2. Parents and teachers should work together as a whole to decide on discipline plans for the children in the schools
A child who has discipline will be a better student, have better grades, and get along better with other students.
4. Children should know from the beginning that if they do something wrong they will be punished, and if they interrupt class by acting out that will also come with consequences. They should also have a reward for behaving in the appropriate manner.
Ask Americans what worries them most about the public schools, and the answer might surprise you: discipline. For several decades now, poll after poll shows it topping the list of parents' concerns. Recent news storiesfrom the Columbine massacre to Jesse Jackson's protests against the expulsion of six brawling Decatur, Illinois, high school students to the killing of one Flint, Michigan, six-year-old by anotherguarantee that the issue won't lose its urgency any time soon
Hundreds of PreK-8 teachers from across the United States, Canada, and elsewhere participated in a survey that covers everything from classroom size, to teachers beliefs on punishment, and rewards. The median class size reported is somewhere between 16 and 23 students. The teachers responding work in a wide variety of socio-economic settings.
7. 87% of teachers surveyed disagreed with the statement: rewards and punishments train children to be irresponsible' 45% of teachers surveyed have one or more of their students on individual behavior contracts 42% of teachers report that class meetings are an important component of their behavior management approach 75% of teachers surveyed have a written discipline plan with stated expectations and consequences 62% of teachers surveyed report that they involved their students in some way in creating their classroom rules 52% of teachers surveyed report that their school has a school- Wide discipline policy that spells out the rules and consequences 86% of teachers surveyed post their classroom rules on a wall or bulletin board in their classroom Hundreds Surveyed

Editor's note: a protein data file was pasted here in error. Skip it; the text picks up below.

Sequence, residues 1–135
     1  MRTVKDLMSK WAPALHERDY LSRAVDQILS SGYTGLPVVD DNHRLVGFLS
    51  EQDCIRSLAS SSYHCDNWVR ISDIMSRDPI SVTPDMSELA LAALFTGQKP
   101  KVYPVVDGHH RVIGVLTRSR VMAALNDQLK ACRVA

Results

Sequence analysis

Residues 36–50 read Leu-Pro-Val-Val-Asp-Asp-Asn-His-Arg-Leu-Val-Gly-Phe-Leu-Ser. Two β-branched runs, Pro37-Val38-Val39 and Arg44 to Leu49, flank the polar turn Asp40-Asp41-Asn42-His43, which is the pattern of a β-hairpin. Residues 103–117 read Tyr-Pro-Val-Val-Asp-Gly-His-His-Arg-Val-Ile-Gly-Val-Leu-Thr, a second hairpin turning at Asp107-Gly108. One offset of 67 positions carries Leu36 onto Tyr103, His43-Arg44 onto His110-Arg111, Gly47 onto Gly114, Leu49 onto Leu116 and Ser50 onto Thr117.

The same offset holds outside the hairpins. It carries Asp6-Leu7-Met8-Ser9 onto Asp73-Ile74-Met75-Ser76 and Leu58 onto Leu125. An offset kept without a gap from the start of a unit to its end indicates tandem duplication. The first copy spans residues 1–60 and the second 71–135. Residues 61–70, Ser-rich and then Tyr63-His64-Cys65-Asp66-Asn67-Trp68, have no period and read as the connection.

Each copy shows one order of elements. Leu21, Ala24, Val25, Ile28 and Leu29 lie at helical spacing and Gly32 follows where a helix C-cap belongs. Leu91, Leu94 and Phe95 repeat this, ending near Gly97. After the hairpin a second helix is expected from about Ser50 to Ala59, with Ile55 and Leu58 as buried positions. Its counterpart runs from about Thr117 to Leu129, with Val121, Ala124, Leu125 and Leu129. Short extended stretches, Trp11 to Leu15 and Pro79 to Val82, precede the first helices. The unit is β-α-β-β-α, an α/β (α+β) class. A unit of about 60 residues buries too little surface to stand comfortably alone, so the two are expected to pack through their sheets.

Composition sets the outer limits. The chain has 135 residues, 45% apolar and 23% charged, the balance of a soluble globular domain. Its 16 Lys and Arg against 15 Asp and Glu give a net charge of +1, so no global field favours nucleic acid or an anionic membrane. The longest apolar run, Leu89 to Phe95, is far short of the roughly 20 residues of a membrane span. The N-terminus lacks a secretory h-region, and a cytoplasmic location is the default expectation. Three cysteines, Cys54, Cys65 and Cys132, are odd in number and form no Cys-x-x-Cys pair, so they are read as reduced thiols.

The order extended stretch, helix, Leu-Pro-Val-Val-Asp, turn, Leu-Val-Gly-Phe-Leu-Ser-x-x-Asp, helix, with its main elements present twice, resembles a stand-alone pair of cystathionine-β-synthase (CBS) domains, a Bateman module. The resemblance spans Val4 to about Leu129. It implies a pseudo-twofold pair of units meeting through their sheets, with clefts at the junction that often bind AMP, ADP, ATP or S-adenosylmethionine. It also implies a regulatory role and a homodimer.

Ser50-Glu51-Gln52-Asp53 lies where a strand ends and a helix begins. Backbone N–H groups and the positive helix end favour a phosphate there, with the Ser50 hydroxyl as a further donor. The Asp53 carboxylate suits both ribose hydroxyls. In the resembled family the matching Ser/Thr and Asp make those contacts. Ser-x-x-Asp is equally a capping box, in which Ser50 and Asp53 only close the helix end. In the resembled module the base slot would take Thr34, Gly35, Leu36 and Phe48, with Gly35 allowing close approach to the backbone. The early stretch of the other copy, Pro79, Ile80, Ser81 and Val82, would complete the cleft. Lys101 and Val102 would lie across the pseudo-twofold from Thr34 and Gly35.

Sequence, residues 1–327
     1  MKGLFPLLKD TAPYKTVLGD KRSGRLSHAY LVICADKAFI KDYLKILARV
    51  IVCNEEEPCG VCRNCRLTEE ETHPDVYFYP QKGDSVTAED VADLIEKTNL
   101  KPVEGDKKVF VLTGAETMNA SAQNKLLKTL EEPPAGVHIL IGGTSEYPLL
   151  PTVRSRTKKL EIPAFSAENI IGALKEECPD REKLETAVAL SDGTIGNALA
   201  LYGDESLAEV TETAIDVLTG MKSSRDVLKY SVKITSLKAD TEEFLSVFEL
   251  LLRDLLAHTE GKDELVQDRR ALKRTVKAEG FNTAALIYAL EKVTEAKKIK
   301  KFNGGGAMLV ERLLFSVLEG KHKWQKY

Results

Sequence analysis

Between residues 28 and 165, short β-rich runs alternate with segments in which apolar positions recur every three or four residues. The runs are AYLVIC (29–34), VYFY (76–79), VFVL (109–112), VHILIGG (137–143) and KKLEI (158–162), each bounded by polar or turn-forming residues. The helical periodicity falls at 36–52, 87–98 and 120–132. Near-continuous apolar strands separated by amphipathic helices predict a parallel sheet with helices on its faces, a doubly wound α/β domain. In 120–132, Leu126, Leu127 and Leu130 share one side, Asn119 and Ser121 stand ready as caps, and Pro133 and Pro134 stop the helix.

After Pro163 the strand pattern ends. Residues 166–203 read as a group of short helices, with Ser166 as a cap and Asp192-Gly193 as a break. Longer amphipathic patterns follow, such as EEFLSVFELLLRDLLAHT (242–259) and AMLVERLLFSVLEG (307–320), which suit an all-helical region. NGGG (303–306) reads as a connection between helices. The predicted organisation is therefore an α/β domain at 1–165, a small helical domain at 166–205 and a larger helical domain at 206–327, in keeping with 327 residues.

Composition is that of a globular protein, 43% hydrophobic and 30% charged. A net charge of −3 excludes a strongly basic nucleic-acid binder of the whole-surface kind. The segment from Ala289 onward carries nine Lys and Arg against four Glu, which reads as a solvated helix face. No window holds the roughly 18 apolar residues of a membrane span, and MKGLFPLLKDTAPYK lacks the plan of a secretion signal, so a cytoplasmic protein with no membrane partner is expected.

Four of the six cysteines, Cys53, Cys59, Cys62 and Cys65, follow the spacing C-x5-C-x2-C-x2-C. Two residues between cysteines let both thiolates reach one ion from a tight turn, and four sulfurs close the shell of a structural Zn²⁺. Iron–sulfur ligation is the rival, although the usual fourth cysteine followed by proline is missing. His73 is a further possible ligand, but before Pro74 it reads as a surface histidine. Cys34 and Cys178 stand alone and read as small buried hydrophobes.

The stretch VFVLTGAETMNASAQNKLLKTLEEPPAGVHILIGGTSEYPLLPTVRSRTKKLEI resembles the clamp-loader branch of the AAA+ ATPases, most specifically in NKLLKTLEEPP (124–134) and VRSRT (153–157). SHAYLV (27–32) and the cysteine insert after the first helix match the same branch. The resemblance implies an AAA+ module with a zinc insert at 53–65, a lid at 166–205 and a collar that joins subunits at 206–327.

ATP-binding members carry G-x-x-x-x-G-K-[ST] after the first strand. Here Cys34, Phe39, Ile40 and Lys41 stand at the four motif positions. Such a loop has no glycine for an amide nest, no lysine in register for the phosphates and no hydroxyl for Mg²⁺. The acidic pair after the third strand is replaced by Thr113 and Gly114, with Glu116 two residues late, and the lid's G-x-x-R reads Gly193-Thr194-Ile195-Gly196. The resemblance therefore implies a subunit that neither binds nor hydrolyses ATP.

8. Hundreds Interviewed 88% of teachers surveyed agreed with the statement: Intrinsic rewards alone are not enough to motivate many school-age children'. 64% of teachers surveyed disagreed with the statement: 'Teachers should use intrinsic rewards. Extrinsic rewards, like stickers, are bribes' 62% of teachers surveyed reward their students by table groups, teams, or rows to encourage good behavior 78% of teachers surveyed use whole-class rewards (rewards that the entire class earns) 68% of teachers surveyed disagreed with the statement: 'Punishing a child does not teach a child to be responsible'. 72% of teachers disagreed with the statement: 'Most ofthe punishment teachers give children is unnecessary'
There are many things parents and teachers should know about discipline such as discipline is not the same as punishment. Instead, discipline has to do more withteaching, and involves teaching your child right from wrong, how to respect the rights of others, which behaviors are acceptable and which are not, with a goal of helping to develop a child who feels secure and loved, is self-confident, self-disciplined and knows how to control his impulses, and who does not get overly frustrated with the normal stresses of everyday life
All children are different and have differenttemperamentsand developmental levels and a style of discipline that may work with other children may not work with a certain one. Parents and teachers should also understand that how you behave when disciplining children will help to determine how children will behave or misbehave in the future.
It is normal for children
to test their limits
Discipline in elementary schools is such an important part of a Childs first school experience.